Two B.C. Supreme Court civil suits were filed against the City of Penticton on Oct. 3, one by a private citizen and the other by a group of local car dealerships.
Penticton Hyundai and Penticton Honda both back onto the wastewater treatment plant, on lots owned by Skaha Ford. They claim the city’s contractor, Penticton Sandblasting and Painting (also named as a defendant) allowed overspray to drift onto the dealerships when they were painting the wastewater treatment plant in April 2015.
As a result, both the vehicles on the lots awaiting sale and the buildings themselves were damaged by the drifting paint spray, resulting in costs for cleaning them up, lost business and loss of good will.
Mayor Andrew Jakubeit said he wasn’t aware the problem had been taken to the court system. He and council were aware of it, but thought it was being dealt with by staff.
“This is over a year old. We thought it was being dealt with. It was our contractor who screwed up,” said Jakubeit. “On that case I thought we were just settling it, because at the end of the day, we were at fault.”
Jakubeit added it is the amount of money the car dealerships are seeking that is in negotiation through the lawyers.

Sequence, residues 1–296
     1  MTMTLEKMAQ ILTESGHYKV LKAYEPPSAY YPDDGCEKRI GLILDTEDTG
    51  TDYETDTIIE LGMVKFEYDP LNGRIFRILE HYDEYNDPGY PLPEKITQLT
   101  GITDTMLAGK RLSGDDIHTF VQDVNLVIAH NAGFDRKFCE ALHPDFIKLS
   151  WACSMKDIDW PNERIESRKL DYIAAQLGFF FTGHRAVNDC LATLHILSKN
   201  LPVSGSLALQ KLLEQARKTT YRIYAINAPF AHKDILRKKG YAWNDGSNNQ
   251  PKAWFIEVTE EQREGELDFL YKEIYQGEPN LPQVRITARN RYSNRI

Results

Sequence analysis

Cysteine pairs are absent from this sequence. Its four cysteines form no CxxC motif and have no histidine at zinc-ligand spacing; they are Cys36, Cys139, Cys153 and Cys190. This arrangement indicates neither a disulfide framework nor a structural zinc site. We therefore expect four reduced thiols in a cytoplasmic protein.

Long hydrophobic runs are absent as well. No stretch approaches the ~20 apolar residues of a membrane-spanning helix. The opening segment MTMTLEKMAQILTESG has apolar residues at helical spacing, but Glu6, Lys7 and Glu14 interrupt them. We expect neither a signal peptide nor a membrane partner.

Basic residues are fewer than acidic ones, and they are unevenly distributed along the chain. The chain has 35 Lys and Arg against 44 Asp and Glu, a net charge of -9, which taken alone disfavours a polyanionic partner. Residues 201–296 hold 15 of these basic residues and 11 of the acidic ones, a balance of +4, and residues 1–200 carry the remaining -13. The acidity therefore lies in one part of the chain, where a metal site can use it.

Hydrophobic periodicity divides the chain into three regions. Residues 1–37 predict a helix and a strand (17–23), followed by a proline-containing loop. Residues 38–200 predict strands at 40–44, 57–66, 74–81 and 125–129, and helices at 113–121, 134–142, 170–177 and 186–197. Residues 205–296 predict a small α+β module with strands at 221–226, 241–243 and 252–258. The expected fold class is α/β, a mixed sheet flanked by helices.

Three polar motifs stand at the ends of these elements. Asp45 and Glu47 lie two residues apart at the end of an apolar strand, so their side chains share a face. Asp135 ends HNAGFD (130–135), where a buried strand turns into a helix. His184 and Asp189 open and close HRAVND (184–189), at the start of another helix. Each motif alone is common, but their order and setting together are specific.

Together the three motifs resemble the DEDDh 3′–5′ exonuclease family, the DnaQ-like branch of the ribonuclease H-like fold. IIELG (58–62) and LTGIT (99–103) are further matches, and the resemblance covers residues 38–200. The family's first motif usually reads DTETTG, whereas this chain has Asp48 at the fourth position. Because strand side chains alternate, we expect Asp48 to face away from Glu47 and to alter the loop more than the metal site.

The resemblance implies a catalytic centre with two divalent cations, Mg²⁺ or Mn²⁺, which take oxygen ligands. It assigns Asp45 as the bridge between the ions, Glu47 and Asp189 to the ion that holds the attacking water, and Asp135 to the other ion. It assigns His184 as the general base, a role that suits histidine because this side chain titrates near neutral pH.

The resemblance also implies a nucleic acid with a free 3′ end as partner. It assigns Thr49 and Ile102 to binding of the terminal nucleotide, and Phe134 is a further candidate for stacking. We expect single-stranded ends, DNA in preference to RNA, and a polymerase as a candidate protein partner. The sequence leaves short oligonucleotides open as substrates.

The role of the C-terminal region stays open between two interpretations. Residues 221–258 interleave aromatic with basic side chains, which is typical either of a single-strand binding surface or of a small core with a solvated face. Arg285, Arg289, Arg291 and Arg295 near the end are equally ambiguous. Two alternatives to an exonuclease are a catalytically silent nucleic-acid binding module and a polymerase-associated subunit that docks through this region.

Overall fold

The other civil claim launched against the city was by Joseph Daniel Frocklage, who said he sustained severe physical and emotional injuries after his motorized wheelchair fell into pothole while crossing the intersection of Main Street and McDougall Avenue on May 4, 2016.
Frocklage is seeking damages for ongoing pain and suffering from his injuries, as well as loss of capacity to live his daily life.
The city’s response, filed by the Municipal Insurance of B.C., suggests Frocklage’s injuries were the result of his own negligence, failing to keep a proper lookout. It also says the city was following its stated policies regarding maintenance of roadways.
Jakubeit said that is usually a solid defence for a municipality.
“We have fairly stringent policies on maintenance of roadways, paths and parks, those sort of things,” said Jakubeit. “When we do get a complaint, we address it within 24 hours, that is also part of our policy. That usually helps in our defence.”
Jakubeit said the city gets about 100 of these kind of claims every year. About 40 of those get passed on to the MIA by the city’s chief financial officer.
“The rest are frivolous in nature and we will handle them internally,” said Jakubeit. “I think this is sort of just normal. When there is a trip and fall, the first thing is you go after the city. Everyone thinks the city has deep pockets.”
Jakubeit said former CFO Colin Fisher informed him that over the last 2.5 years, only four or five of these claims passed on to the MIA made it before a judge.
“A notice of claim doesn’t mean it goes to court. They will usually settle or find some compromise,” said Jakubeit.